- Title: JAPAN: Logriders risk lives for thrill in a ritual festival in Suwa
- Date: 9th April 2010
- Summary: PEOPLE HAILING LOGRIDER SEATED ON LOG ON TOP OF HILL MORE OF PEOPLE HAILING THOUSANDS OF SPECTATORS POLICE OFFICERS LOOKING AT LOGRIDING AMBULANCE ON STAND-BY NEAR THE HILL (SOUNDBITE) (Japanese) MINORU GAWASUMI, 50-YEAR-OLD EMERGENCY MEDICAL WORKER, SAYING: "Their blood is boiling because they've been waiting for this moment for 7 years, but I hope there are no injuries today." PARTICIPANTS PULLING ROPE CONNECTED TO THE LOG LOGRIDER SEATED ON SURGING LOG PULLED BY PEOPLE LOG SLIDING DOWN THE HILL AND PEOPLE RUNNING BEHIND (SOUNDBITE) (Japanese) YUMIKO HAYASHI, 43-YEAR-OLD HOUSEWIFE, SAYING: "I feel this festival is divine because, looking at what they do, I think more people should have been injured if it had been an ordinary festival. But we have no one injured today because the god is looking down on us." LOGRIDER CHEERING WITH BOTH ARMS STRETCHING INTO THE AIR PEOPLE SURROUNDING LOGRIDER AND HAILING LOGRIDER RESPONDING TO HAILING PEOPLE (SOUNDBITE) (Japanese) TSUYOSHI MURATA, 45-YEAR-OLD PAINT SHOP OWNER, SAYING: "I don't know why I'm doing this, but it feels damn good." PEOPLE PULLING LOG OUT OF THE HILL LOG BEING CARRIED BY PEOPLE FEET OF LOGRIDER STANDING ON LOG LOG SLIDING DOWN SLOPE FURROW MADE BY THE LOG ON THE GROUND FESTIVAL PARTICIPANT FIST-FIGHTING WITH SPECTATORS ANOTHER LOG SLIDING DOWN HILL
- Embargoed: 24th April 2010 13:00
- Location: Japan
- Country: Japan
- Topics: Light / Amusing / Unusual / Quirky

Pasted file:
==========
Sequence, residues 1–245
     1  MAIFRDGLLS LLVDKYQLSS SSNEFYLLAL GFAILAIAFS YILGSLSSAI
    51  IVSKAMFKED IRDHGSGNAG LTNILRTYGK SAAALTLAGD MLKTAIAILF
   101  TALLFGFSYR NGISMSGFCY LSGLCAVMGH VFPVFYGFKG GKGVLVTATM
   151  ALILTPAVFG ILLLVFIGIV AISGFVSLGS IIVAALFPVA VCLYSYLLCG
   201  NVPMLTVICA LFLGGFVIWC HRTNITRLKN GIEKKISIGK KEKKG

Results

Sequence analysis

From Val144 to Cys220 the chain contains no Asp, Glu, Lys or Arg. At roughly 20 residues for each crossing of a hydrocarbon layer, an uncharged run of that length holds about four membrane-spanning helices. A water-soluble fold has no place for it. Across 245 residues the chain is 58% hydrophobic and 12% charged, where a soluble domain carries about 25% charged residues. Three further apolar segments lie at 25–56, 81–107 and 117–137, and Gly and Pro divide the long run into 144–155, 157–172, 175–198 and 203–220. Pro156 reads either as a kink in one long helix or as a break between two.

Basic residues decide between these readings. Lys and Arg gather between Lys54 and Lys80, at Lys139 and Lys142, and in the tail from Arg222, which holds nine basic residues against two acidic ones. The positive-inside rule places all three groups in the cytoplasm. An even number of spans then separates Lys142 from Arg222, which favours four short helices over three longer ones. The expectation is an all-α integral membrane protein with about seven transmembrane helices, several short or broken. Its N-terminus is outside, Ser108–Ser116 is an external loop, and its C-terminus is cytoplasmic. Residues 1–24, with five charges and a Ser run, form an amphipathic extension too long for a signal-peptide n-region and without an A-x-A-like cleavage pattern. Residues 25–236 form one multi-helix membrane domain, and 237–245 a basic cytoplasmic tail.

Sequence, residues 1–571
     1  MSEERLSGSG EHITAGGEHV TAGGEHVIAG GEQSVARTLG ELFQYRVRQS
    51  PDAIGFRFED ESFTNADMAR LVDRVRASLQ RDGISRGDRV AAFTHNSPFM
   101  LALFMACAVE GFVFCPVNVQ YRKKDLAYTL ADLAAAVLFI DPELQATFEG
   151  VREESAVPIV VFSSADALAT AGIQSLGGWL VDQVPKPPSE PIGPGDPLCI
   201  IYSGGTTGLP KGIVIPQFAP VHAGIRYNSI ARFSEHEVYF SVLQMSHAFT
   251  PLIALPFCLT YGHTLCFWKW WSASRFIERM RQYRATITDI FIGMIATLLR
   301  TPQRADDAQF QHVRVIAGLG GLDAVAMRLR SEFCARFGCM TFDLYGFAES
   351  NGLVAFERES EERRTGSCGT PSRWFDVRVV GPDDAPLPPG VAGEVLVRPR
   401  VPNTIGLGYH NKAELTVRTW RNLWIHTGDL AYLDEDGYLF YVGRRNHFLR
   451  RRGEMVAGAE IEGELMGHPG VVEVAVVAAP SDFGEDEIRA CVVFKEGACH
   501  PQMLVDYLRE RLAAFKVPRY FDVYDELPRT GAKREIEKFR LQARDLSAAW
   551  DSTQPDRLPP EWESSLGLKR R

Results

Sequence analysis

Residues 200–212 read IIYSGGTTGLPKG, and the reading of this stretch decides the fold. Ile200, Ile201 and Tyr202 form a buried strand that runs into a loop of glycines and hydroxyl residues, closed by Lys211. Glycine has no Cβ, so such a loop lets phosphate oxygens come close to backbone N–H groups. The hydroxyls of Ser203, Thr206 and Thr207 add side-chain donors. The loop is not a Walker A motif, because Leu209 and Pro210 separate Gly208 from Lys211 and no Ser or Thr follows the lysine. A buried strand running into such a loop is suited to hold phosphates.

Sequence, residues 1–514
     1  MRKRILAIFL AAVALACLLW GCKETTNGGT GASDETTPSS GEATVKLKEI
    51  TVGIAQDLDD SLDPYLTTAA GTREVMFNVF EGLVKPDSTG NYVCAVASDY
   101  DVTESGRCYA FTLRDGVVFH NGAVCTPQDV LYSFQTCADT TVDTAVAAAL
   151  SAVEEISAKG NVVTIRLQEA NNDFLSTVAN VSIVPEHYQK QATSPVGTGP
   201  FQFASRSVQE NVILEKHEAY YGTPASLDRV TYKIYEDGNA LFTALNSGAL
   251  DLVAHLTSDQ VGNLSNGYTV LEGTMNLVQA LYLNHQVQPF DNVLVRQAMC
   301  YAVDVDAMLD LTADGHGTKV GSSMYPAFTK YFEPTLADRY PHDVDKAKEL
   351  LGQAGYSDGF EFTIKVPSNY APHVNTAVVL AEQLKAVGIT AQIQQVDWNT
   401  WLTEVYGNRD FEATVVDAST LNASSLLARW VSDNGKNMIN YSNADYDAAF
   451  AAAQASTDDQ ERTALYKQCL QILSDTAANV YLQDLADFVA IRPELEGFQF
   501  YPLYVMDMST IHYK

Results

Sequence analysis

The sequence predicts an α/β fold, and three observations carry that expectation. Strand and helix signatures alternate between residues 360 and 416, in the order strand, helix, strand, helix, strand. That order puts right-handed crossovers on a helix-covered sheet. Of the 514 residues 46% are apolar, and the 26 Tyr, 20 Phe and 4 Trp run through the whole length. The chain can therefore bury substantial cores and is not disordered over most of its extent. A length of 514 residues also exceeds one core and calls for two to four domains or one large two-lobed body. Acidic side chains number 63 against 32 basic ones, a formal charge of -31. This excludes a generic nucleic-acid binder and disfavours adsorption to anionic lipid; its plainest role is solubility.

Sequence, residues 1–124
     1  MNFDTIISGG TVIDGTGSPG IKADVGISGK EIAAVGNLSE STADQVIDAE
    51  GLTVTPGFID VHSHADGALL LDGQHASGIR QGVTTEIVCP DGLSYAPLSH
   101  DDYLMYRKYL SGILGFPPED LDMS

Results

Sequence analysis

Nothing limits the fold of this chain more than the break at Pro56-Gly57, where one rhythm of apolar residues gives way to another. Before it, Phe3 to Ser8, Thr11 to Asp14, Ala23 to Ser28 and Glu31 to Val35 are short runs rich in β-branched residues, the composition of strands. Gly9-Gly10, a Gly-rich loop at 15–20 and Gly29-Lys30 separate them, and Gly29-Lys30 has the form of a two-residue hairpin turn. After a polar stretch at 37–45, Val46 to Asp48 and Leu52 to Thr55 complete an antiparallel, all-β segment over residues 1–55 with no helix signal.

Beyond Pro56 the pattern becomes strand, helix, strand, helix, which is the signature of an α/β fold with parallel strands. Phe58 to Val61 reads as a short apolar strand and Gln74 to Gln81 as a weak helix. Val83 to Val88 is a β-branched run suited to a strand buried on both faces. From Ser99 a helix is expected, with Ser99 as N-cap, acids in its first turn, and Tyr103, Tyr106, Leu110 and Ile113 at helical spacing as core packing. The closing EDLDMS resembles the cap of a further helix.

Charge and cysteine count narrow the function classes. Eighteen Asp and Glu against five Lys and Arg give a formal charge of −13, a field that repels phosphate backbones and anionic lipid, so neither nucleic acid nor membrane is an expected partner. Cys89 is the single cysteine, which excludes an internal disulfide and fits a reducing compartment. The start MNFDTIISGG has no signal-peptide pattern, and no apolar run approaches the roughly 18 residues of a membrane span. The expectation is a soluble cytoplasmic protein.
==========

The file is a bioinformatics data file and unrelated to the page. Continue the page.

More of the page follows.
- Reuters ID: LVA8X34X8NTDC5TQ9YZAW3E3F8B0
- Story Text: Logriders storm down a hill on a tree trunk, risking their lives in exchange of thrill during a ritual festival in Japan.
About 45,000 local people and several times more spectators from across Japan flocked to Suwa City, 200-kilometer (120 miles) north of Tokyo, to join the "Onbashira Matsuri" (pronounce "on-bah-shee-ra") or "holly pillar festival" on Friday (April 9).
The 100-meter-long (33 feet), up to 45-degree-slant hill on the side of a small agricultural village has turned into one of the hottest tourism attractions once every six or seven years.
The logride involves five to six men tumbling over a mountain top on a 20-meter-long (67 feet), ten-ton (22,000 pounds) fir log that comes crashing down a steep slope with no guarantees if the rider will still be on he log at the end of the ride.
But for spectators, it's a spectacle.
"It's so cool," said 5-year-old Kuon Ukai after he watched his father Akira participate.
It is common for log-riders to fall and sometimes even be crushed to death during the race -- injuries are common and almost inevitable.
"Their blood is boiling because they've been waiting for this moment for 7 years, but I hope there are no injuries today," said Minoru Gawasumi, a medic who was on standby for any emergencies.
A spectator in his thirties was taken to hospital with a broken leg even before the run started - miraculously, he was the only one injured.
Most outsiders feel one has to be a little crazy to participate in this unusual sport.
But locals believe the festival is a sacred ritual.
"I feel this festival is divine because, looking at what they do, I think more people should have been injured if it had been an ordinary festival. But we have no one seriously injured today because the god is looking down on us," said Yumiko Hayashi, a 43-year-old and a Suwa born.
Organizers said the festival goes back to over 1,200 years, and is deeply rooted in Japan's indigenous religion Shinto.
Its beginnings, shrouded in mystery, are believed to be a ritualized rebuilding of the city's main shrine. Shinto shrines are regularly torn down and rebuilt to symbolize rebirth and renewal.
The person who manages to stay on top of the log for the entire trip down the hill is called "Hana-nori," or splendid rider, and hailed by other participants.
Locals say the honour and talismanic protection offered by being Hana-nori is enough to last a life time.
The day's Hana-nori, Tsuyoshi Murata, a 45-year-old paint shop owner, however, seemed to only enjoy the thrills and adrenaline.
"I don't know why I'm doing this, but it feel damn good," Murata told Reuters.
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